Alterations in serum leptin in chronic liver disease

Ziv Ben-Ari*, Zahava Schafer, Jaqueline Sulkes, Varda Manhaim, Ran Tur-Kaspa, Menahem Fainaru

*Corresponding author for this work

Research output: Contribution to journalArticlepeer-review


The role of leptin in anorexia associated with liver cirrhosis remains controversial. The aim of this study was to quantify the serum leptin level in patients with hepatocellular or cholestatic liver disease and to assess its relationship with serum insulin, body mass index, and serum lipoproteins. The study population included 30 women, 15 with chronic hepatocellular liver disease and 15 with primary biliary cirrhosis; severity of disease was determined by Child-Pugh and histological criteria, respectively. Ten healthy, age-matched women served as controls. Levels of serum leptin and insulin were determined by radioimmunoassay. Mean serum leptin level was significantly lower in the primary biliary cirrhosis group compared to both the control (P ≤ 0.05) and the hepatocellular groups (P ≤ 0.05). Serum leptin level strongly correlated with body mass index in the hepatocellular group (P < 0.0001) and the controls (P < 0.001), but not in the primary biliary cirrhosis group; it showed no correlation with severity of liver disease. A positive correlation was found between serum leptin and serum cholesterol (P = 0.02), low density lipoprotein (P = 0.01), and triglycerides (P = 0.04) in the hepatocellular group and in the controls between serum leptin and serum high density lipoproteins (P = 0.01). Serum leptin is low in patients with primary biliary cirrhosis. The combined findings of normal insulin response less insulin resistance, and lower serum leptin level in primary biliary cirrhosis compared to hepatocellular liver disease may indicate that serum leptin is merely a passive marker and not a cause of anorexia in liver disease.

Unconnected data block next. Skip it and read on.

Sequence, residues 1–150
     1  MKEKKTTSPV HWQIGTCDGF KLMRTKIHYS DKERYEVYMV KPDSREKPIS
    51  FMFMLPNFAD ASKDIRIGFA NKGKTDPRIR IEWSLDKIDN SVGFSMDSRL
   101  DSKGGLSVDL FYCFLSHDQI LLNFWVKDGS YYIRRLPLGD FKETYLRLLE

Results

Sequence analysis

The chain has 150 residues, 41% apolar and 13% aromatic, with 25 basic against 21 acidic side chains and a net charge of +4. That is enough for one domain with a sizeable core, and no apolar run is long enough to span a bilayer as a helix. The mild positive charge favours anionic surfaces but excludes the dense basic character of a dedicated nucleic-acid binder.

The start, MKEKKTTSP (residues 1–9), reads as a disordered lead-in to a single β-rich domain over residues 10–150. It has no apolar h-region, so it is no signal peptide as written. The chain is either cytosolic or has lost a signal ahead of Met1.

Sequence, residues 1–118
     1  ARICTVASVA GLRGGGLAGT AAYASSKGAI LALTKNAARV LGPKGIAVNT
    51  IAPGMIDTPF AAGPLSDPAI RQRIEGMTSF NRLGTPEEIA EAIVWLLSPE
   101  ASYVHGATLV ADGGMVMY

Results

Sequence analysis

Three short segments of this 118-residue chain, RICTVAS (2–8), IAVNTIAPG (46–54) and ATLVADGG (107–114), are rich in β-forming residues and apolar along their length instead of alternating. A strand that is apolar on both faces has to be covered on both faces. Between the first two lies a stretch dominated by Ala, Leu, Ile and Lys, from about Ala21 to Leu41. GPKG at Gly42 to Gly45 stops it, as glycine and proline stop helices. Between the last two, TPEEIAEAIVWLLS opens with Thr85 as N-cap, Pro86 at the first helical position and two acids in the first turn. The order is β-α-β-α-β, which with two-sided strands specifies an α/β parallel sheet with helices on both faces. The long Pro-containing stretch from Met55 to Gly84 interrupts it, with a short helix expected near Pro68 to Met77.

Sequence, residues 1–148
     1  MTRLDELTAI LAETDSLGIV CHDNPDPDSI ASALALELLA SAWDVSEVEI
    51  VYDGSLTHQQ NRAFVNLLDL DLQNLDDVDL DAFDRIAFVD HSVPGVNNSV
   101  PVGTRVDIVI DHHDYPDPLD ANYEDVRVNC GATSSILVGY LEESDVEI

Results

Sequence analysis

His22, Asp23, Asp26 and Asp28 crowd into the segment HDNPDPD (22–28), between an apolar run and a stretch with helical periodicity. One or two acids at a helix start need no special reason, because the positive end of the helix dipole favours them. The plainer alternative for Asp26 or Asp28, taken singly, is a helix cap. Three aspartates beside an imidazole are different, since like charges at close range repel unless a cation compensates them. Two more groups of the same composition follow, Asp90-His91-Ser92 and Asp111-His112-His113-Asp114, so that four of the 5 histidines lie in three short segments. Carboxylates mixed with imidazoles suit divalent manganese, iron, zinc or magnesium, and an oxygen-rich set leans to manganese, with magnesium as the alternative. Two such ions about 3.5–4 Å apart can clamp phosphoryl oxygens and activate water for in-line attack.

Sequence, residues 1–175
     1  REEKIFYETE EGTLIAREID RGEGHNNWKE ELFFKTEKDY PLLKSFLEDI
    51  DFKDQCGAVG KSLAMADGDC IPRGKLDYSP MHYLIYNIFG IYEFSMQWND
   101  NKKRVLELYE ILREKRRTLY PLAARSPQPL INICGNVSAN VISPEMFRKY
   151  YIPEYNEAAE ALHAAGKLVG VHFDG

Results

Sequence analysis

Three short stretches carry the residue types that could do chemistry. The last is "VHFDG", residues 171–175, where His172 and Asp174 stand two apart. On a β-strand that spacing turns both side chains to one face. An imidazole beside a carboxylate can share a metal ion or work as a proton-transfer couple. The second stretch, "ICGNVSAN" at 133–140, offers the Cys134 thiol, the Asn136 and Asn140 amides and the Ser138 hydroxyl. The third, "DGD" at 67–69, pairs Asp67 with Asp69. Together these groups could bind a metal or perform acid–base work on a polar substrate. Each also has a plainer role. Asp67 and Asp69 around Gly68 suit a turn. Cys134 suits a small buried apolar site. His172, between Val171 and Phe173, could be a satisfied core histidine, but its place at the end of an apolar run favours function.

Original languageEnglish
Pages (from-to)183-189
Number of pages7
JournalDigestive Diseases and Sciences
Issue number1
StatePublished - 2002


  • Leptin
  • Liver disease


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